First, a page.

A personal trainer’s guide to ARC Outdoors

by Jake Greenfield, Contributor

It had been five months of working out in my off-campus apartment, using only light dumbbells, resistance bands and my bodyweight. With each workout, I became less motivated. So, when I learned that the Aztec Recreation Center would be opening up outdoor workout facilities I was ecstatic.

Exercising outdoors was freeing in comparison to my apartment. Although it did come with its own set of challenges. My sunscreen and sweat started to mix in my mask and drip into my eyes. However, overall, the ARC Outdoors is a great solution to a unique problem and will meet the needs of most gym goers.

Social distancing is enforced, machines and equipment are spaced out, tents and shades protect those exercising and session reservations are required and can be made through the ARC members services website. Each session is 75 minutes, plenty of time to get in a good workout.

For anyone looking to stay fit on campus, there are three main ARC Outdoors locations: The Rec Field, Aquaplex, and ARC Express. Here’s a guide to what each location offers. 

The Rec Field is located west of Storm Hall West and West Commons. (Photo provided by Jake Greenfield)

Rec Field

This location is just north of parking lot four, and west of west commons.

This location is my personal favorite for a few reasons. In general, I focus most of my workouts on strength training and a little bit of aesthetics. The equipment here serves most of my needs. 

This Rec Field has typical resistance training equipment such as dumbbells, kettlebells, barbells, benches, and a few fun items like a plyo box, sled, battle ropes, and an area for dips and pullups. 

Additionally, I felt the safest while working out at the Rec Field. 

Each piece of equipment item has its own tent, making this location the most spread out and a luxury during a pandemic. Everyone was about 10-feet apart. There is also a large area for fitness classes for anyone looking to get a quick class in.

Also, this location is open the earliest which made it easy for me to get my workout in early in the day without any crowds. My mindset when working out is that I am at the gym to work hard. Of all the locations, this one had the least distractions, allowing me to fully focus.

The ARC has set up various exercise equipment at the Aquaplex. (Photo provided by Jake Greenfield)

Aquaplex

Don’t let the name fool you, the Aquaplex location is more than a pool. it has the greatest variety of equipment.

Obviously, the pool is open for lap swimming, plus there are a number of stationary cycles for classes, resistance training equipment, and cardio machines such as rowers, stairmasters and treadmills. 

The consequence of this much variety is certainly a lot of equipment crammed into a small space. Everything is under a shared tent and I noticed most people having difficulty following the six feet social distancing guidelines, making me feel the least safe at this location. 

Another unfortunate problem with this location is that you are only renting out the space for one type of workout. You cannot reserve a session for the strength training equipment, then jump into the pool to cool off. However, with all that taken into consideration— for the average student— this location will serve all of your needs.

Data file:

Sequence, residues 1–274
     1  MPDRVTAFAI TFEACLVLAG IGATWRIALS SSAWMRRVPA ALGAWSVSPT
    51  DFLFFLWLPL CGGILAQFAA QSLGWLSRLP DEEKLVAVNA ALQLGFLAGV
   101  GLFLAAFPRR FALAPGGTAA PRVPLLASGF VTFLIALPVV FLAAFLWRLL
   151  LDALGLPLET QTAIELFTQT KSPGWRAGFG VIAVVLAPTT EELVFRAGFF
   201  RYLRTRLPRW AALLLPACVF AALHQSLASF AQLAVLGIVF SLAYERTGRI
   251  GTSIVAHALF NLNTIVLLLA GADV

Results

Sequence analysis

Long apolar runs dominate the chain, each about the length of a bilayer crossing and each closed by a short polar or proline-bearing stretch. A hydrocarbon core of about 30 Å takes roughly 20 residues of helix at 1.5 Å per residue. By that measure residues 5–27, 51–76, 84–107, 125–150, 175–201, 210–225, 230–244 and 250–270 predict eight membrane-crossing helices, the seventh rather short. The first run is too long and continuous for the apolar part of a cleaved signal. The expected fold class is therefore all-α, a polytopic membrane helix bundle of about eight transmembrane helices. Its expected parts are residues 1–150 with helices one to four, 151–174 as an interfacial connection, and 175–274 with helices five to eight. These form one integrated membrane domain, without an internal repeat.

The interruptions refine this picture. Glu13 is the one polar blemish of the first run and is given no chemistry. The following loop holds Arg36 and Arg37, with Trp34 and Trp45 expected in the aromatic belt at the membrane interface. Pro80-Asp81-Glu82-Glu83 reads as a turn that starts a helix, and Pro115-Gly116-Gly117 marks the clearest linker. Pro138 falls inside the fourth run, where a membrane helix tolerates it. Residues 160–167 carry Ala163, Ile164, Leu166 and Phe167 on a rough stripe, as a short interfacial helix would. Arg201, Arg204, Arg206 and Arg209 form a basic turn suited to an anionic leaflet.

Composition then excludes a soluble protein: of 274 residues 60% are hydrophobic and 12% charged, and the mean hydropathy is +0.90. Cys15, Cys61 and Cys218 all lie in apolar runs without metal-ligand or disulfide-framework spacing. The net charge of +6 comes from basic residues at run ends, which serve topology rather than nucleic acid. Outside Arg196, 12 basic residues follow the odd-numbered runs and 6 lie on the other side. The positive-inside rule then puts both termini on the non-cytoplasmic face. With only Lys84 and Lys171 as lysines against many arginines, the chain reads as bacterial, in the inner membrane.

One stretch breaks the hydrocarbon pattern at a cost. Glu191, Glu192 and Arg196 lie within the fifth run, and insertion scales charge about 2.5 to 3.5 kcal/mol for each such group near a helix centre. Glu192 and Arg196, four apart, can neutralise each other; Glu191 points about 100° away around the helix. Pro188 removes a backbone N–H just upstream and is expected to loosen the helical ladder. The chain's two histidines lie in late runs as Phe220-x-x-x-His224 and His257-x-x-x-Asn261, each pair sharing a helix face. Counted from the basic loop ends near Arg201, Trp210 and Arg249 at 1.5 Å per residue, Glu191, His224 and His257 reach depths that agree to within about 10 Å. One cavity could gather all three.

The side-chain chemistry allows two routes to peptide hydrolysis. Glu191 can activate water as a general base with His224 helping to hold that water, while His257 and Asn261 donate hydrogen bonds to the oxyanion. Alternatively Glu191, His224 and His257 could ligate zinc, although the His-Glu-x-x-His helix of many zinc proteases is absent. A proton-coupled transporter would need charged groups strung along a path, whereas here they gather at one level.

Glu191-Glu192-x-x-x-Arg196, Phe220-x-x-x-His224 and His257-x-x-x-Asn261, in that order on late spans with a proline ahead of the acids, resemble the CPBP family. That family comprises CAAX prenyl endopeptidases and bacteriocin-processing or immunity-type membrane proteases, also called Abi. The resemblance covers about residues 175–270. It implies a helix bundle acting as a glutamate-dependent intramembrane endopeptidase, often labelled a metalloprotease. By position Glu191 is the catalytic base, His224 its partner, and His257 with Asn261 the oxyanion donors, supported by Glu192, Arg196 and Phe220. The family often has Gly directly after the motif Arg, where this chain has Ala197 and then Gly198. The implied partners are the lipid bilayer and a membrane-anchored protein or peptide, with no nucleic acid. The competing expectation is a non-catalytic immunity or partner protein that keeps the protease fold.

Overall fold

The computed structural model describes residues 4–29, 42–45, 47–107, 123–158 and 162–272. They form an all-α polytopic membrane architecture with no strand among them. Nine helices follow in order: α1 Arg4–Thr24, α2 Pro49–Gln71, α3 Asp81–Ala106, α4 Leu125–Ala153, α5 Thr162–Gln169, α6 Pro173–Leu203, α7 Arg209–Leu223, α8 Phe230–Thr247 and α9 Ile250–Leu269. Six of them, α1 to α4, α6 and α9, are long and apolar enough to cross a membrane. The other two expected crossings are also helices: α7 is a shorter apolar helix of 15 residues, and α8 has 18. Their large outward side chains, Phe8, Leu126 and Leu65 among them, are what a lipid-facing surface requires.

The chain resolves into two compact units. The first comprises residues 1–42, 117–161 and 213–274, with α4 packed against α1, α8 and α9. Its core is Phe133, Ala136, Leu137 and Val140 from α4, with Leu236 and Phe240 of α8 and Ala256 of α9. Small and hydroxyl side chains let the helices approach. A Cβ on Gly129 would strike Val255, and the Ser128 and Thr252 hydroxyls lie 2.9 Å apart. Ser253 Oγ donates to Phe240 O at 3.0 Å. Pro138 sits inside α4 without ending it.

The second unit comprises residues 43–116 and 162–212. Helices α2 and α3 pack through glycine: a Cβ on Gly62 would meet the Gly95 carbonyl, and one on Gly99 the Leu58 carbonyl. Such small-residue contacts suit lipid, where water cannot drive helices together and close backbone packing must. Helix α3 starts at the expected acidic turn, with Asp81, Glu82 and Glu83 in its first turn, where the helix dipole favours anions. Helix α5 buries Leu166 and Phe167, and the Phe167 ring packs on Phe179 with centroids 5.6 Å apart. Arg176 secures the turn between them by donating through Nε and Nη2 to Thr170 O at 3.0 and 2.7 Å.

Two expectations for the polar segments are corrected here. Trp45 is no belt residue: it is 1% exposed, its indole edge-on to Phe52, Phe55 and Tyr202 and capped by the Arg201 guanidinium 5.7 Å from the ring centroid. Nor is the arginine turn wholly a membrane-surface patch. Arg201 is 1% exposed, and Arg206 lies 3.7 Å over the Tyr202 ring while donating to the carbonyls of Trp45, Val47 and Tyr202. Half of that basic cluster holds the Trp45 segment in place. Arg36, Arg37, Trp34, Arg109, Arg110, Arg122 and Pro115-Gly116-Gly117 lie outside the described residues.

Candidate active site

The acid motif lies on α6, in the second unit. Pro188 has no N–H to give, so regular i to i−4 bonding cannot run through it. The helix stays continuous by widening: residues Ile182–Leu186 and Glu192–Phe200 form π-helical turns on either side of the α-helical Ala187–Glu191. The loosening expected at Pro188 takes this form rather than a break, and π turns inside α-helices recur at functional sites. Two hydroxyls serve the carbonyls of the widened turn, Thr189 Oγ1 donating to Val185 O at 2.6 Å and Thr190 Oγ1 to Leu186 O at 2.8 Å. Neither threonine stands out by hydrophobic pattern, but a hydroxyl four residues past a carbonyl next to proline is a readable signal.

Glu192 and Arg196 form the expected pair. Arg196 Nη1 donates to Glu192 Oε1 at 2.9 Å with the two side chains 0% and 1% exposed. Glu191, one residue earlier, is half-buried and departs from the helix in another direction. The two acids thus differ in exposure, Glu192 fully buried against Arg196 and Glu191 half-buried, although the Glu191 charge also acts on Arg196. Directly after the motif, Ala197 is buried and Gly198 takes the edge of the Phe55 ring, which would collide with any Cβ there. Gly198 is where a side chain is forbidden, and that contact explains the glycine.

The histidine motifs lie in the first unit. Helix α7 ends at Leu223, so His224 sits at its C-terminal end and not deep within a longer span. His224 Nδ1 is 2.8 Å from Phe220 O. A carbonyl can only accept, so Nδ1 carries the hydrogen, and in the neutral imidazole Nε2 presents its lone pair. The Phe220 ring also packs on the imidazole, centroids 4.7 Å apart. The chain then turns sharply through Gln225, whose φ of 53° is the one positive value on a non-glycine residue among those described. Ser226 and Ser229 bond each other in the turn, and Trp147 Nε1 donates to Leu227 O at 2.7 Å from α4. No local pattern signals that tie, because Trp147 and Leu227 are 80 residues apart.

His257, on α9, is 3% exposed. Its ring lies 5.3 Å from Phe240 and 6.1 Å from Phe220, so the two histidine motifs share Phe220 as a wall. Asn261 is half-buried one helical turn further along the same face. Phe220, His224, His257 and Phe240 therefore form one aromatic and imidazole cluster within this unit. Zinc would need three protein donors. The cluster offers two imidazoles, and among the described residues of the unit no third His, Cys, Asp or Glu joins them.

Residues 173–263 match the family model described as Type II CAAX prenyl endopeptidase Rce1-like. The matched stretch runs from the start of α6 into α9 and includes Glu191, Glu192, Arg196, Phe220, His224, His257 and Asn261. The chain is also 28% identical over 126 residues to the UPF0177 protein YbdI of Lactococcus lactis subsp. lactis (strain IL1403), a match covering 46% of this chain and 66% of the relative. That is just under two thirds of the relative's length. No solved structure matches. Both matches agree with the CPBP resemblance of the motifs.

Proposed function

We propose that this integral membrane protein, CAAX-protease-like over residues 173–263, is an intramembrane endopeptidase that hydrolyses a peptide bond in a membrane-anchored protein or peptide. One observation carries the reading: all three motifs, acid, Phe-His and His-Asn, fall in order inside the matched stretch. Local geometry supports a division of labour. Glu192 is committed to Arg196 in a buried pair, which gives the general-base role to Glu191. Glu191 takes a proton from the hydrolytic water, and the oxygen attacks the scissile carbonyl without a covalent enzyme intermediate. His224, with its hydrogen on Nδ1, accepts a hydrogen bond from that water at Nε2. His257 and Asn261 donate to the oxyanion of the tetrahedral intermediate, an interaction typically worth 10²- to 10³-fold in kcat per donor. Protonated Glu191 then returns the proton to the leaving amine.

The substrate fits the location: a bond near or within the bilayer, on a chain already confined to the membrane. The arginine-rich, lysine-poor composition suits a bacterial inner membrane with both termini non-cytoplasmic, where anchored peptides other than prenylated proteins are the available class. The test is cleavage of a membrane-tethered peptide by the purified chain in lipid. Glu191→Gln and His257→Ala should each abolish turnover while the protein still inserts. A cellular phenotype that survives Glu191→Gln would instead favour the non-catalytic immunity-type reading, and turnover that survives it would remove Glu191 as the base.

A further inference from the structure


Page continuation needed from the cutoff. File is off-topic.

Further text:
ARC Express Outdoors on the 3rd floor of the Conrad Prebys Aztec Student Union. (Photo provided by Jake Greenfield)

ARC Express

I believe this is the worst of the three locations. 

Located on the third floor of the Conrad Prebys Aztec Student Union, The ARC Express houses strictly cardio equipment with the exception of two items you can use for a core workout. 

The cardio equipment consists of ellipticals, recumbent bikes, and rowers. 

As a personal trainer, I can tell you that the single least useful piece of exercise equipment is the elliptical, with the recumbent bike not far behind. These machines provide low impact cardio, which is only beneficial for those with certain health issues. 

When I visited, I was the only person that had booked a session for the whole 75 minutes, indicating that other students must share my view of this location. 

However, I felt extremely safe working out with no one else around. I used the rower for roughly 20 minutes and called it a day. Unless you are a student that needs low impact cardio due to an injury or some other health complication, I would advise you to walk or run outside instead of visiting this location.

Final Thoughts

The ARC is notorious for being an unwelcoming environment, but this new outdoor environment changes this. 

Usually, the ARC is full of frat guys wearing scrappy shirts that hide nothing, hogging exercise equipment and generally giving the gym a toxic masculinity vibe.

There’s also the problem of overcrowding. Many students are familiar with too many students in the group fitness class they want to take or fighting to get a squat rack in the weight room. 

The outdoor environment combined with the reservation system fixes most of those issues. I truly love the reservation system, and I hope SDSU utilizes it post-pandemic. I was able to use most of the equipment I wanted, felt comfortable, and was able to get in a great workout consistently. 

The Rec Field, Aquaplex and ARC Express have a plethora of exercise equipment that will fill your various exercise needs. Whether you prefer hopping on a cardio machine, bench pressing to your heart’s desire or pushing a sled across an open field, there is something for everyone. I recommend you book an appointment to check it out.

Jake Greenfield is a senior studying kinesiology: pre-physical therapy. 

 

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